IT transition is never easy. The move from mainframes to desktops caused friction; the trend away from workstations to mobile devices remains problematic for many companies. And now many enterprises face their largest transition challenge: Moving to the cloud. Some, such as the United States Department of Defense (DOD) are looking for outside help to find the best cloud solution, but is there a better way to streamline this move?

Not As Advertised

As noted by a recent ITBusinessEdge article, companies are struggling with cloud transition. Almost half of all companies that launched a cloud strategy in the past year have now halted hosting implementations, with 70 percent of these companies citing the need for a design change. More telling, perhaps, is that just 27 percent of those asked said they were “extremely satisfied” with their cloud vendor. So where’s the disconnect between cloud promises and reality?

There are two factors at work. First is the specter of initial migration. If companies take on too much, too soon or don’t effectively educate front-line workers, the results can range from dragged-out deployments to cloud services purchased but never used. There’s also the issue of cost savings and resource efficiency, often heralded as keystone benefits of moving to the cloud. If companies provision too many resources or allow users to create “cloud sprawl,” ROI can quickly suffer. Neglecting add-on tools like load-balancing and automated shutdown features, meanwhile, can limit the process-slimming promises that often attract cloud interest.

Solving For “X”

According to Defense Systems, the DOD is trying to solve this problem by “cloudsourcing” its transition. The idea here is to ask multiple commercial providers for their opinions and insight and then have them develop cloud services in line with an agreed-upon set of security standards. The model is gaining ground among private enterprises as well, many of which now prefer to contract specific cloud vendors to supply unique services rather than opting for a catch-all cloud provider. But there’s a catch: While this may provide services better tailored to business needs, it can complicate the problem of transition, since each vendor comes with unique implementation requirements.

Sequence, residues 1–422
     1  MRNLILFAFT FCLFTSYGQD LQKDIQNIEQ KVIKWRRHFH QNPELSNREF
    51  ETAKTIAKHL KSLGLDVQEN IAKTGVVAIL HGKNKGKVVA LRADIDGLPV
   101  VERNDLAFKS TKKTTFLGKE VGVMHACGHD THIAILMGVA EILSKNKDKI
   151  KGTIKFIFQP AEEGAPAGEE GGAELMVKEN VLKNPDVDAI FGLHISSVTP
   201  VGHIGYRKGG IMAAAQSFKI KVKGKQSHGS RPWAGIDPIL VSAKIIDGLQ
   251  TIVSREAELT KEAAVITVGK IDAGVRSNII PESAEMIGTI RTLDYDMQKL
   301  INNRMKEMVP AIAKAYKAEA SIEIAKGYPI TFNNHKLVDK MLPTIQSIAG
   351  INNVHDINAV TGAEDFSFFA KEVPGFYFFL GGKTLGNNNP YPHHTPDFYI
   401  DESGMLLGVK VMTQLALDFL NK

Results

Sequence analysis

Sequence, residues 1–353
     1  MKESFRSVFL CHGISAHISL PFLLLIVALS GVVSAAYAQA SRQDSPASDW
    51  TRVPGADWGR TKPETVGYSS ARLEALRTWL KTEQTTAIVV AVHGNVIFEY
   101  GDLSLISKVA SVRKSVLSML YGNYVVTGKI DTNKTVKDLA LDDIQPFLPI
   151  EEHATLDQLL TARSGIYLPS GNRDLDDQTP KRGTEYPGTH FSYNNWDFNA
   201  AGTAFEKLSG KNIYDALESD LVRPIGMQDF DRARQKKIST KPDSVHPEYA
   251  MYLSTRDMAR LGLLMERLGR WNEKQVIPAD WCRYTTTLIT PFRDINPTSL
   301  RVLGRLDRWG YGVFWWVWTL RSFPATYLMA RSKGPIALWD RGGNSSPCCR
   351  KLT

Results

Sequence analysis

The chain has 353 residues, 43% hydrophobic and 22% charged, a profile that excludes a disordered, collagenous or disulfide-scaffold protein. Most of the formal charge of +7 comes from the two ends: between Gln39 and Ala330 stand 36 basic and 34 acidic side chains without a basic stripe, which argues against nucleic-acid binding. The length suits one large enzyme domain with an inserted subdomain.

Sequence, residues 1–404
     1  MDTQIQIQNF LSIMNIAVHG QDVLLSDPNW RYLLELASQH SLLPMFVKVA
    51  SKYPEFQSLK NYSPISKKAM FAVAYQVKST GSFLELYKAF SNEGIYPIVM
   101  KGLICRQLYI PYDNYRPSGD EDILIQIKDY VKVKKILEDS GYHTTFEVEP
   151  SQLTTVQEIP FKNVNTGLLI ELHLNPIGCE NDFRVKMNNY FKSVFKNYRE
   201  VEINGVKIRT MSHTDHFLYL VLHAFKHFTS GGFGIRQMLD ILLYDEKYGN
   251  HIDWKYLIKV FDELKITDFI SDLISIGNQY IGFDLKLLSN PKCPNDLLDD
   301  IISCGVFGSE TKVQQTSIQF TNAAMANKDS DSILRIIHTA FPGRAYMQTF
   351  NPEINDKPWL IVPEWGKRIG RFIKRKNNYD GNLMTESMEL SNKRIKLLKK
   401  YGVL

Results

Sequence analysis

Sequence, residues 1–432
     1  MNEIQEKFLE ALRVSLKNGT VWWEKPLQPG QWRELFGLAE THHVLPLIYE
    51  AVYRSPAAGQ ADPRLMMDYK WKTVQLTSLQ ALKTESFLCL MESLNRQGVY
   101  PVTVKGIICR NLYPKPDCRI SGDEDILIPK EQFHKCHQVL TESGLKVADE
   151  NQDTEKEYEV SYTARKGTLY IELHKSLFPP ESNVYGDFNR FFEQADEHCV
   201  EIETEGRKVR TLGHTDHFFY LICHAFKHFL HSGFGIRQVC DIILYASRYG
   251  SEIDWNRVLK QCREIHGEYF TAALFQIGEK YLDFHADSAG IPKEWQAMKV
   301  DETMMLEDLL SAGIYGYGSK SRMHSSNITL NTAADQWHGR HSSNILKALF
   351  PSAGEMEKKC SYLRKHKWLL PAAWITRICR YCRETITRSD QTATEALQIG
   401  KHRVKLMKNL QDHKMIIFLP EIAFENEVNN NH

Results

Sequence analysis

Understanding the Impact

Cloud services can’t be ignored, and the growing specificity of deployments means that companies face the prospect of transition and transformation challenges on a regular basis. Smoothing this transition requires better information; data about how end-users are interacting with cloud services, using resources and the types of dependencies that exist between applications. What’s more, this all has to happen in real time, since it doesn’t take long for a cloud deployment to get rough around the edges and impact total quality of service (QoS).

Simply put? Companies can’t help but transition to the cloud, even if it’s at small scale. But little changes can have big impacts, especially when cloud-based services both connect with and depend on resources beyond your control. By understanding the impact on end-users — and gaining valuable data about how they interact with the cloud — companies can better weather the storm of transformation.